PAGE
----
Social media is all the rage. All the cool kids are using it; at least, that's what the cool kids on the internet are telling us. The number of businesses on Facebook, Twitter, LinkedIn, Google+, and YouTube is mind-boggling, but the real question is how many of them are using the tools wisely?
By now, most candidates for public office have figured out that incorporating social media into their campaigns is a critically important step. It's the how to do this that escapes most of them. That's perfectly understandable. The last couple of election cycles, much of this social media business was new. That was then, this is now.
It had been nagging me for months, though I couldn't put my finger on exactly what it was. Things with my work have been going well and keeping me busy, but something didn't feel quite right. I know a lot of people, more than I've ever known at any other time in my life. I spend much of my day connecting with them in one way or another.
I've been doing a lot of speaking lately. It is a huge compliment to receive so many requests. I am grateful for every one and wish I had time to honor all of them. It's funny; I am extremely introverted, but give me a captive audience and a microphone and I'm in heaven. I love public speaking! Go figure.
With a two-day program filled with tech thought leaders and innovators, there was one subject which seemed to consistently rise about the rest and dominate so many of the conversations at LeWeb. What was it? Wikileaks. While I didn't go into LeWeb expecting to hear so many opinions about Wikileaks - it's mission, it's founder, it's future - it shouldn't have been a surprise. The issues surrounding Wikileaks and it's release of mountains of sensitive information exist at the intersection of privacy, safety, security, technology, social media and politics. With such a smart, savvy and international crowd, seemingly everyone had and interest and strong opinions on the matter.
I'm torn at the moment. Ethically speaking, I made the right decision. Practically speaking, I'm disappointed. You may be aware that journalists and bloggers are sometimes offered free stuff in exchange for media coverage of some sort. This free stuff may come in the form of anything from products to services to tickets.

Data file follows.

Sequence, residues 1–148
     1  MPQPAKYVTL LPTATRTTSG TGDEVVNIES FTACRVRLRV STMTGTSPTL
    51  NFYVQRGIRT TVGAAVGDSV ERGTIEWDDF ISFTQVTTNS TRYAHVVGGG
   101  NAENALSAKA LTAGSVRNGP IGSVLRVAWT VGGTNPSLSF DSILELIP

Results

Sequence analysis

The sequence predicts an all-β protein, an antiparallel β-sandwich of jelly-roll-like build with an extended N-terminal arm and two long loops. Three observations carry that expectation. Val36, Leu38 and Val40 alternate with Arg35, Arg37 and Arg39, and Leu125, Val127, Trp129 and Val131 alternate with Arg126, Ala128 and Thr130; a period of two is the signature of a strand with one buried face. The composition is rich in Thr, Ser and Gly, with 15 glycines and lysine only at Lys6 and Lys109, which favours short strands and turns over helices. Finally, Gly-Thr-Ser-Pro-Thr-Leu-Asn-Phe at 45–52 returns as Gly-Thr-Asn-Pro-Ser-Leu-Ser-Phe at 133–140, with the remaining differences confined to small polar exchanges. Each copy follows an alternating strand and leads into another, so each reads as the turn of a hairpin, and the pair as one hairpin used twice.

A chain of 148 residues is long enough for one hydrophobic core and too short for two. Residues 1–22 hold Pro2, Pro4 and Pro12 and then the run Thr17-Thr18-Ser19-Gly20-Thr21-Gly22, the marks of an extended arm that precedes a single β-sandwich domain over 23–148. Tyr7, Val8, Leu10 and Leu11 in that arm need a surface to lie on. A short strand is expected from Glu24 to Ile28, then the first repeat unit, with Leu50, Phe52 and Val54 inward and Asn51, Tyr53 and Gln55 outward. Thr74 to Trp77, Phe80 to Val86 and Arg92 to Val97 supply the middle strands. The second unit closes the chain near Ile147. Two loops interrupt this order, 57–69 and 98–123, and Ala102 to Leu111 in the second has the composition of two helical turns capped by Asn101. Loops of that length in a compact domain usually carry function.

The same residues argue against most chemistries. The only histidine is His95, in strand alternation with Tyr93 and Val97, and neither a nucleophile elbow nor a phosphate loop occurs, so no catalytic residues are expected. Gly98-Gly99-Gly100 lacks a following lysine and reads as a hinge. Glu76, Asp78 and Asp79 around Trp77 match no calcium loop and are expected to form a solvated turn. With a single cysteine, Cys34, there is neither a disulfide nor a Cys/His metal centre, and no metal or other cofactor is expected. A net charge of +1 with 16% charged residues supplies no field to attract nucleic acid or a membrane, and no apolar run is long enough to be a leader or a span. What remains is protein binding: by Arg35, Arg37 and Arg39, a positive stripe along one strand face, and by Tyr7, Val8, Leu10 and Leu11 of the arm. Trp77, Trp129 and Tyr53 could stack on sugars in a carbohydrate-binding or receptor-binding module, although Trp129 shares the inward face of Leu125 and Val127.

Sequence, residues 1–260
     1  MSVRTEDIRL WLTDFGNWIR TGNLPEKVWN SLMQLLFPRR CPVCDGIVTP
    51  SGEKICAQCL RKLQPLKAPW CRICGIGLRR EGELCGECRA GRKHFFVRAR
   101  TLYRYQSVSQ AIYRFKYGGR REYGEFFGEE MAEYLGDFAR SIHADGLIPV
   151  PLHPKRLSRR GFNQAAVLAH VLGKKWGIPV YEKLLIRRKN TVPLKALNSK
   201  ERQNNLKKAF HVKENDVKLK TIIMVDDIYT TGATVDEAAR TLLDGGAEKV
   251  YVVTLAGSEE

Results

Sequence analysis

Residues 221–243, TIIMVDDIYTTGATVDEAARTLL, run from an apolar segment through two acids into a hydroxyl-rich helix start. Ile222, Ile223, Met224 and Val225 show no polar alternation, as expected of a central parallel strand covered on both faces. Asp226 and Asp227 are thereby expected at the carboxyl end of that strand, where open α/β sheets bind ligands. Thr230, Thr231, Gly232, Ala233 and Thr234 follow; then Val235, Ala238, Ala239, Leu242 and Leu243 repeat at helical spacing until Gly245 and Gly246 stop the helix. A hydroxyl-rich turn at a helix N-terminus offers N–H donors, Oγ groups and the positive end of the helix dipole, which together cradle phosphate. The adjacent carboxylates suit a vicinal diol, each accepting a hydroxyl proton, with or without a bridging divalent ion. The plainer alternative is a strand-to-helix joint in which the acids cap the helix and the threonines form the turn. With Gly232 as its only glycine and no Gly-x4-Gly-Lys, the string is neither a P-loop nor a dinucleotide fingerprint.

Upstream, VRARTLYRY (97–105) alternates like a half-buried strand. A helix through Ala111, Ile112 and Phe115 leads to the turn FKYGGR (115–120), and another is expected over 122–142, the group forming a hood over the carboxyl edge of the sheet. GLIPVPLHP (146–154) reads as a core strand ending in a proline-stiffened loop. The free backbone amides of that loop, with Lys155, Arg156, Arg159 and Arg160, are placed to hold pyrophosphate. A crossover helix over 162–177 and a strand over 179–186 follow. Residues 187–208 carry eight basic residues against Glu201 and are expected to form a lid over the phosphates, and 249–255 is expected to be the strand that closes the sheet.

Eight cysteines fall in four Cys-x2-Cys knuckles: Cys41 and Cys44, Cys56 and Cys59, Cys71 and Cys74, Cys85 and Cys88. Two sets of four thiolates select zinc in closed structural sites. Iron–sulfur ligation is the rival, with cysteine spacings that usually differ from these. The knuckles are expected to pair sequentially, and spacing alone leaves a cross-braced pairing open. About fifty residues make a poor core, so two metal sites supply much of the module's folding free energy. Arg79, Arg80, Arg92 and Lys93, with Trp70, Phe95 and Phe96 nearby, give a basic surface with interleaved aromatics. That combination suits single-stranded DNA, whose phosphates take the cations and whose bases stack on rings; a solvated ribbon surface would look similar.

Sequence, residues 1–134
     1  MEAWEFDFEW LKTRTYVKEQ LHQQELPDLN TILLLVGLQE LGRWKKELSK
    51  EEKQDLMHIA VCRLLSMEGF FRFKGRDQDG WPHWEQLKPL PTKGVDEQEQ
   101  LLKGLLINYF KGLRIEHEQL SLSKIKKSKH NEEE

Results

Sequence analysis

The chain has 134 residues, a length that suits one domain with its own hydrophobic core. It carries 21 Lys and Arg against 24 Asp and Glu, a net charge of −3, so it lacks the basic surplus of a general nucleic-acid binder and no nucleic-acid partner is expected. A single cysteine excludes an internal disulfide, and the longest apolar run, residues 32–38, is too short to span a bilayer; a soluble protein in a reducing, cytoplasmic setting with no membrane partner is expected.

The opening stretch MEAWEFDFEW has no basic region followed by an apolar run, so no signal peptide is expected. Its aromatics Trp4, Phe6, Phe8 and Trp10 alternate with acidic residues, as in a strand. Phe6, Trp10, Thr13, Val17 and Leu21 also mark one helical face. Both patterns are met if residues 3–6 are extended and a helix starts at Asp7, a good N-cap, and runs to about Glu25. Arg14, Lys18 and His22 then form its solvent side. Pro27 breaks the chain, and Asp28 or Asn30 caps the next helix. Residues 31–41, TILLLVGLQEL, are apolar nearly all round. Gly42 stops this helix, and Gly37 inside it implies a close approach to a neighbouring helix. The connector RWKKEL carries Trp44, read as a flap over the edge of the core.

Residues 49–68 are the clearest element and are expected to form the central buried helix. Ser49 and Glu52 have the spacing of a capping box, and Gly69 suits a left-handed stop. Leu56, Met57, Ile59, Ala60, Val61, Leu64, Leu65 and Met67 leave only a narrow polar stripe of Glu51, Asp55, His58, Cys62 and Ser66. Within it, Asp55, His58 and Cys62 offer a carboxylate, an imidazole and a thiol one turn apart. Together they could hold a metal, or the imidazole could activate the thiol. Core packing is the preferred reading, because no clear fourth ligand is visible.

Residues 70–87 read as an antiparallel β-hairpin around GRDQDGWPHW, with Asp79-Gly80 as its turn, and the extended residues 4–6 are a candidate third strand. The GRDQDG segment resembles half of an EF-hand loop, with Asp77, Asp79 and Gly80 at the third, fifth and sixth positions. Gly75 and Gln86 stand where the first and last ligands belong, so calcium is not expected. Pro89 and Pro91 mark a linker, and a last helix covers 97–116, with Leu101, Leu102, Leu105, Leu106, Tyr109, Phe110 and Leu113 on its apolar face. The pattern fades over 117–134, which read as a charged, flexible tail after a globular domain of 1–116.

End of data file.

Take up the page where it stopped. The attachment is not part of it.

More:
There was this little get-together for tech reporters at Facebook headquarters today. You may have heard about it. Whenever Mark Zuckerberg, CEO of Facebook, summons an audience because he’s got something to announce about Facebook, life as we know it grinds to a halt. Or so it seems.
I was a rabid frozen yogurt fan when it was all the rage in the 1980s. Then, like all good things I loved, it was sent out to pasture with my severely wide-legged pants, sweaters with shoulder pads and my Lionel Richie records*. The period of mourning has long since passed, but imagine my delight to see that frozen yogurt is now *in* once again. I was thrilled to see a new frozen yogurt shop open within walking distance of my home. OK, so it is wildly overpriced, but it's there and that's all that matters when I want a fix.
While many of us use social networking tools differently, most of us struggle with similar questions and challenges. Should I connect only with family and good friends on Facebook and only business contacts on LinkedIn? How secure should I feel when using Facebook's privacy settings to determine which groups of friends can or cannot see particular photos? Should I be concerned when someone tags me in a photo or I comment on someone else's post?